Article Text

Download PDFPDF

Highlights from this issue
  1. Nick Brown, Editor in Chief
  1. Department of Paediatric, Salisbury District Hospital, Salisbury SP2 8BJ, UK
  1. Correspondence to Dr Nick Brown; nickjwbrown{at}

Statistics from

Request Permissions

If you wish to reuse any or all of this article please use the link below which will take you to the Copyright Clearance Center’s RightsLink service. You will be able to get a quick price and instant permission to reuse the content in many different ways.

Diseases of poverty—part 1: dental health

I’m certainly (like many) guilty of affording dental health too little attention. Though 60 000 child inpatient episodes in the UK every year are for dental extraction, poor dental health generally passes under the acute medial radar. It is strongly associated with social inequities, the cause of pain and school loss and given that it is entirely preventable, we should be staggered that 25% of children start school with caries. The first paper in an excellent new series by Jenny Godson and colleagues ( see page 5 ) accompanied by MacMahon’s compelling findings of greater dental morbidity in looked after children in Scotland ( see page 39 ) and contextualised by Sara Hurley’s editorial should spur us to address our failings as advocates in this area.

The returning traveller: well or unwell

Malaria in returning travellers, as is well known, is on the increase and likely to escalate further given the exponential rise in long haul travel. Though an estimated 10% of the current 1500 of the current annual UK ‘imported’ cases occur in children, in reality, most returning travellers with fever have other diagnoses, most commonly a rather prosaic viral upper respiratory tract infection picked up from fellow airline passengers.

How far then does one go in ruling out malaria in a well appearing child, or put another way, at what stage can one safely infer it has been ruled out? The advent of highly sensitive rapid diagnostic tests (RDTs) based on common plasmodial proteins (particularly histidine rich protein 2) which are highly sensitive (close to 100 % for P. falciparum) has not just enhanced detection, but also helped rule out infection. In the UK, this has been particularly useful in situations in which local hospital laboratory exposure to blood films is infrequent and the technicians do not have the experience to confidently exclude infection. Standard advice until now has erred on the cautious with a recommendation to undertake three sets of RDTs (at 0, 24 and 48 hours) with blood films. This might be reassuring but is often impractical involving bringing a family back twice.

William’s et al excellent Archimedes paper ( see page 109 ) reviews the literature and reassures us that, in a well child, a single round of negative tests (RDT, local lab film and regional lab film check) is sufficient to rule out malaria. There are some riders of course in that the studies included adults as well as children and the range of previous malaria exposure was heterogenous, but, to my mind suggests that the source of the fever after a single round of negative tests is almost certainly non-malarial. If one is still worried, then other causes (Dengue and typhoid for example) need to be excluded.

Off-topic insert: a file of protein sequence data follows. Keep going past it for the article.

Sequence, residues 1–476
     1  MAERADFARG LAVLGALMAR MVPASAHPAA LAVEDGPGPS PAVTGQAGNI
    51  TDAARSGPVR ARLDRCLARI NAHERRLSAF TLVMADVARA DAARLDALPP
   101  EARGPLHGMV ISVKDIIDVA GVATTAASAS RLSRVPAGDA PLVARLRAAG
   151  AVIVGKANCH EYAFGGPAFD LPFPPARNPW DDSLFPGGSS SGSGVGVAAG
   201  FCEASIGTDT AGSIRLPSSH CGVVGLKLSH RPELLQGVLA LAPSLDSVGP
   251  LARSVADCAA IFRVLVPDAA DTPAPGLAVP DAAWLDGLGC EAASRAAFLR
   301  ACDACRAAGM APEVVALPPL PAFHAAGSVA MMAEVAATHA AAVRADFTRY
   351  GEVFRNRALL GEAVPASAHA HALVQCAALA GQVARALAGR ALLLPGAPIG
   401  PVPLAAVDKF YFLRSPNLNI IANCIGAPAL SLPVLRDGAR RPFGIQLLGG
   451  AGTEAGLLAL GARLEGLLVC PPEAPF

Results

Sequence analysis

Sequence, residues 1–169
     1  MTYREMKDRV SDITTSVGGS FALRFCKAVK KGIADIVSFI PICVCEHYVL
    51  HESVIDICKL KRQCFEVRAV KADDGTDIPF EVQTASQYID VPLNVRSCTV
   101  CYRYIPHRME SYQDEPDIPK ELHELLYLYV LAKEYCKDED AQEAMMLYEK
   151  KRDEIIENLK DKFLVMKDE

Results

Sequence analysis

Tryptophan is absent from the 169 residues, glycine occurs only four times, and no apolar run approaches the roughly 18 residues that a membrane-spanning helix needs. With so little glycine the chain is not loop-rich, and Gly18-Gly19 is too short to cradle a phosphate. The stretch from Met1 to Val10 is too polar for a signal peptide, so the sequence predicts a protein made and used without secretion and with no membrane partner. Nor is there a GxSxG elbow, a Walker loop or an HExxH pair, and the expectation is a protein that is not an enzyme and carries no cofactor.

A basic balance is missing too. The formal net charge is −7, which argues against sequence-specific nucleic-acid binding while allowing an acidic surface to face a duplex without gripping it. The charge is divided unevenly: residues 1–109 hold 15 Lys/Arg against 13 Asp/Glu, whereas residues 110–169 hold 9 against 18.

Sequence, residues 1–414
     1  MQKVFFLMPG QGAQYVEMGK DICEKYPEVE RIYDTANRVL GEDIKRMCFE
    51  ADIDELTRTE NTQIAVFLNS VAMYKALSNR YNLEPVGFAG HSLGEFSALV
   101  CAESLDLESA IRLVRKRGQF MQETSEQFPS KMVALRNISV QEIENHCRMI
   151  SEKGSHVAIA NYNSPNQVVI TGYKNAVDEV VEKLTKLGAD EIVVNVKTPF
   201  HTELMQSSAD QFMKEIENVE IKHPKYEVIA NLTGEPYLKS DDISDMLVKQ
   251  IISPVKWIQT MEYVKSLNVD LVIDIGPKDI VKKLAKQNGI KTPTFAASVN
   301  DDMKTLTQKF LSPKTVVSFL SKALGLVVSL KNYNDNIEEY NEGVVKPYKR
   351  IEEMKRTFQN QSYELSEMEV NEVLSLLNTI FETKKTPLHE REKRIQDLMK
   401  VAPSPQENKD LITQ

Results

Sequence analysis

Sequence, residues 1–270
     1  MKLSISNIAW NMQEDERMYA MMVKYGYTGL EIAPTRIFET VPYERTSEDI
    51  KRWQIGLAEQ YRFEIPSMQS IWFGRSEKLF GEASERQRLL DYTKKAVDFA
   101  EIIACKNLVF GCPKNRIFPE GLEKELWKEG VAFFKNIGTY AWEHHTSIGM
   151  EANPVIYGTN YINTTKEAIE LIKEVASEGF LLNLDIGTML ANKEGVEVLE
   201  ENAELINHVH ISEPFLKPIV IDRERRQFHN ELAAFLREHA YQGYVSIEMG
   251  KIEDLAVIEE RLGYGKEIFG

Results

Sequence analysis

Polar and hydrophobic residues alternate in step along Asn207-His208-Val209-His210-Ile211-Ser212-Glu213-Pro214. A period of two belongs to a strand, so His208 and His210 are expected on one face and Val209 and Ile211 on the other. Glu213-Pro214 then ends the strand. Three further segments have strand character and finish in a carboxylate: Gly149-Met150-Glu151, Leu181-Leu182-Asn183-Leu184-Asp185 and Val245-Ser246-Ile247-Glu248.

Looking after each other

For a number of complex reasons, morale in the medical profession is low and stress high. To address this situation, several forward thinking institutions have set up Schwarz Centre Rounds a programme was set up in the 1990s after the death of the American lawyer, Leonard Schwarz from lung cancer and catalysed by his own annotations from this time. They provide a forum for professionals to discuss experiences, each session facilitated by trained mentors and centred on a recent case. John Puntis and colleagues ( see page 11 ) present their experience from Leeds, and reading the paper, I couldn’t help but wonder why this isn’t already standard.

This notion is reinforced by a paper by Hollingsworth et al ( see page 14 ) in which reactions to trainees to child deaths were surveyed. Many had experienced guilt and 20% reported symptoms suggestive of Post Traumatic Stress Disorder. Martin Ward-Platt’s accompanying editorial ( see page 3 ) suggests ways in which these situations can be ameliorated, simulation being one.

Fluid resuscitation

It is now almost 7 years since the much discussed ‘FEAST’ by Maitland et al was published in the New England Journal of Medicine. It unequivocally showed higher mortality in African children with severe infection given bolus treatment. Though the (patho) physiology has not been fully explained, the findings have posed questions of fluid management in sepsis in high income country settings, specifically that of bolus resuscitation. Understandably, given the stakes, setting up an equivalent trial in the UK has taken time and very careful ethical consideration. O’Hara’s paper ( see page 28 ) describes the first step towards this trial, a qualitative endorsement by parents with personal past experience that they would consent to randomisation to a low or high volume bolus in a trial.

Diseases of poverty—part 2: Global heart disease

As Kennedy’s review illustrates ( see page 73 ), like dental health in high income countries, acquired heart diseases are unified by their association with poverty in low and middle income countries. Rheumatic fever, endomyocardial fibroelastosis, thallasaemia and HIV-related cardiomyopathy and tuberculous pericarditis are all overlooked and potentially preventable, and though not on the WHO Neglected Tropical Disease list, perhaps should be.


Happy New Year



  • Competing interests None declared.

  • Provenance and peer review Commissioned; internally peer reviewed.

Linked Articles